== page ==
Why do declines in mitochondrial health occur?
We all know that aging gets the best of all of us, and mitochondrial health is no exception. In fact, the primary factor impacting our mitochondrial health is our physical age. During our younger years the mitochondria produce free radicals and the antioxidant CoQ10 neutralizes them. But over time, we begin to produce less CoQ10 yet continue to produce free radicals, causing an imbalance. The major contributing factor to declining mitochondrial health is age, but lifestyle factors, including eating a diet high in fat, sugar or processed foods, not getting enough sleep and not exercising enough can also contribute.
What are some early signs of declining mitochondrial health?
Mitochondrial health usually declines slowly over time, and everyone experiences the side effects differently. Common signs of declining mitochondrial health include:
- Feeling tired or lacking energy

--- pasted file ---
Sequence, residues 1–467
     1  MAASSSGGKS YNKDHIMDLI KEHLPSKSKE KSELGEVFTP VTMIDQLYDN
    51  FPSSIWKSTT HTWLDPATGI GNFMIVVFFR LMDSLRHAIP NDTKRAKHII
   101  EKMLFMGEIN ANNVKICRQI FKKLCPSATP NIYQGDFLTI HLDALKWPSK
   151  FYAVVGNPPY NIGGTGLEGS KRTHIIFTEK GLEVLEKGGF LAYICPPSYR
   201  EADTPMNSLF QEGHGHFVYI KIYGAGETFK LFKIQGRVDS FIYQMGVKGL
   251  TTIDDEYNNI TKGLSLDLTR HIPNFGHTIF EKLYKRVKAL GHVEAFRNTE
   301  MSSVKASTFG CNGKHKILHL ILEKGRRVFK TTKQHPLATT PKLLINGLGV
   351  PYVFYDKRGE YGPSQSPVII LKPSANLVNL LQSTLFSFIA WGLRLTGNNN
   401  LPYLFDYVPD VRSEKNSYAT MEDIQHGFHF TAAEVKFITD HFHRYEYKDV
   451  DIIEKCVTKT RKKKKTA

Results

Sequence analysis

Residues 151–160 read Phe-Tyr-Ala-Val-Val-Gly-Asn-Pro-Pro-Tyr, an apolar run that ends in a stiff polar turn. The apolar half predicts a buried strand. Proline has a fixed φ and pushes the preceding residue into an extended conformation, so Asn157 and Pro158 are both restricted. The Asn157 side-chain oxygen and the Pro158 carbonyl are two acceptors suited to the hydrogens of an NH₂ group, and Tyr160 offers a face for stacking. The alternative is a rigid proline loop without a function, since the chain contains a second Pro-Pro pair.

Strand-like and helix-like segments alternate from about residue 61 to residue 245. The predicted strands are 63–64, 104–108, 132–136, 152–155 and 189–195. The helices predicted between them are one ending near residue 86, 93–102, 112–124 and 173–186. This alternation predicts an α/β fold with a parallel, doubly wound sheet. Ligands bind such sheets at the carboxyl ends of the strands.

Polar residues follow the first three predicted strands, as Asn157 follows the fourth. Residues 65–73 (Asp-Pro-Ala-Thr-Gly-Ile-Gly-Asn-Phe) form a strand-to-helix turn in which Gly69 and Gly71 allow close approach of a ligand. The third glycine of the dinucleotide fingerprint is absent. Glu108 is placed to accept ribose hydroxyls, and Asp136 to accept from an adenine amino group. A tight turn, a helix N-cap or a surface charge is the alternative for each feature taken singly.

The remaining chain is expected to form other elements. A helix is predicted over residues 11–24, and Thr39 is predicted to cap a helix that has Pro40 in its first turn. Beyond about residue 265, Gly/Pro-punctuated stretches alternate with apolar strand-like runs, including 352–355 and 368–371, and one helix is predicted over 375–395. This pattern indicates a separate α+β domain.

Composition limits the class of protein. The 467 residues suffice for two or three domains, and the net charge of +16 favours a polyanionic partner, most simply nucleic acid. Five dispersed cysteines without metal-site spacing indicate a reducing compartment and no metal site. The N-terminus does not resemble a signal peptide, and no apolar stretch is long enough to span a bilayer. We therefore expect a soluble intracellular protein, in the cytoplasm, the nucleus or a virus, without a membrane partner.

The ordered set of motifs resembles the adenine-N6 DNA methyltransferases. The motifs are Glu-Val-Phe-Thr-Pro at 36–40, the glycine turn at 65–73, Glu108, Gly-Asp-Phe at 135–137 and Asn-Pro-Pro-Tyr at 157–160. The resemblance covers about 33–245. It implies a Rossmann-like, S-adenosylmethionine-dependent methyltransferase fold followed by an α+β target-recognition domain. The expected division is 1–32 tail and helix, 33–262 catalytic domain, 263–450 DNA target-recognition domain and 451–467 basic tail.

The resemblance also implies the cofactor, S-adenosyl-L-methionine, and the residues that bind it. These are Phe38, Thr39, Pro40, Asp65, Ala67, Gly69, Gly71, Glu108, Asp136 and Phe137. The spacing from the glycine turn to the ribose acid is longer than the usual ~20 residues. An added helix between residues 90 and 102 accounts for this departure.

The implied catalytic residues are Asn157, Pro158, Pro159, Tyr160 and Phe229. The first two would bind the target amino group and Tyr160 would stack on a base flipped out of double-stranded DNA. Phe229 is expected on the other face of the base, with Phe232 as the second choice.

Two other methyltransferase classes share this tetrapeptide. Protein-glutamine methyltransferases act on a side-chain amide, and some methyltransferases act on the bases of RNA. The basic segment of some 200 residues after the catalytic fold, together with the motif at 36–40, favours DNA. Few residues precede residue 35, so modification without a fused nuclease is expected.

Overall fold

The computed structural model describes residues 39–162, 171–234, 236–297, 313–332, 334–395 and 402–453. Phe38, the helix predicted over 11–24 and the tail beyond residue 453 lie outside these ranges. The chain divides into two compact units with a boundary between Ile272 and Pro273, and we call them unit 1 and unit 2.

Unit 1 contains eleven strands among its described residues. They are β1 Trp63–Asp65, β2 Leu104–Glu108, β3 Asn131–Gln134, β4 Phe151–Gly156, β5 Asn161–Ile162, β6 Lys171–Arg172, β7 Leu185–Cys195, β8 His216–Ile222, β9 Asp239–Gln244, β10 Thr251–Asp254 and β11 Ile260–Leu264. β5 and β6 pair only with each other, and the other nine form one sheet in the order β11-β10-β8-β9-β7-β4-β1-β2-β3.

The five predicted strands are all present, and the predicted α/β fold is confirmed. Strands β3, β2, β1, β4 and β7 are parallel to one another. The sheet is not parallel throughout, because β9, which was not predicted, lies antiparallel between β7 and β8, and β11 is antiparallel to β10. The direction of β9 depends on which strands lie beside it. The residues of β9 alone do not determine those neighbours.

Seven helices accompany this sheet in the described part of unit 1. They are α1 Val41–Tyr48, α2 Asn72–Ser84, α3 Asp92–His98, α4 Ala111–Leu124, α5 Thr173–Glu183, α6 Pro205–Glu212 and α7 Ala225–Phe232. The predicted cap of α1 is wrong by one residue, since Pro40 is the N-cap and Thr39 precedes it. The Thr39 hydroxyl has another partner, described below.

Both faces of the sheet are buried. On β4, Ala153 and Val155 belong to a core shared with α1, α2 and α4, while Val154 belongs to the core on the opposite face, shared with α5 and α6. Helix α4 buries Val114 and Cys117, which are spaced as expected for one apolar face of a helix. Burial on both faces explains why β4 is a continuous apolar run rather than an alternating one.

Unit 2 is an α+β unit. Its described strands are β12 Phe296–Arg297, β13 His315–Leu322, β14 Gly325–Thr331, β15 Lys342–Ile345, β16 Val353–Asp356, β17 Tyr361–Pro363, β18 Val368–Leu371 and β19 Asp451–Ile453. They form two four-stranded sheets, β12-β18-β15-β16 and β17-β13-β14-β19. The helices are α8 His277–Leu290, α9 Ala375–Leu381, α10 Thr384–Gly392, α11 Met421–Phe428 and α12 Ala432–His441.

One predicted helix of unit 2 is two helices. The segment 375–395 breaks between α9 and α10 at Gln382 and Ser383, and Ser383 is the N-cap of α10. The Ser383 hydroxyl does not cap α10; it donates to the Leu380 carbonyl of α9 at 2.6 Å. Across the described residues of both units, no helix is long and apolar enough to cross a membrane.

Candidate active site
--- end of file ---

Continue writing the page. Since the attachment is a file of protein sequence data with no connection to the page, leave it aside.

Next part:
- Increased effects of physical aging
- Diminished athletic performance and recovery
- Diminished mental focus
- Aging skin
Mitochondrial health is largely impacted by our age, but it can also be attributed to a number of controllable lifestyle factors.
How does a CoQ10 supplement help improve mitochondrial health and reduce oxidative stress?
Although a natural decline in CoQ10 levels is inevitable, a CoQ10 supplement can help support your mitochondrial health and help reduce oxidative stress. Scientists initially believed that taking a simple CoQ10 dietary supplement would improve mitochondrial health, however it's now known that the large molecule size of these supplements and the limited permeability of the mitochondria means that very little is actually absorbed into the mitochondria.
Our scientists in New Zealand made a breakthrough with CoQ10 absorption in the late 1990s when they discovered that because mitochondria have a negative charge, CoQ10 needed to be attached to a positively charged molecule in order to be sufficiently absorbed into the mitochondria. They created a new molecule, available today as mitoquinol mesylate - the hero ingredient of MitoQ, that enables it to cross the mitochondrial barrier thanks to its smaller molecule size and positive charge, allowing the supplement to breach the mitochondrial membrane. MitoQ is able to begin improving mitochondrial health by rebalancing the levels of CoQ10 and free radicals inside the cell and helping to reduce the levels of free radical damage. In fact, MitoQ is absorbed into the mitochondria up to 1,000 times better than regular CoQ10.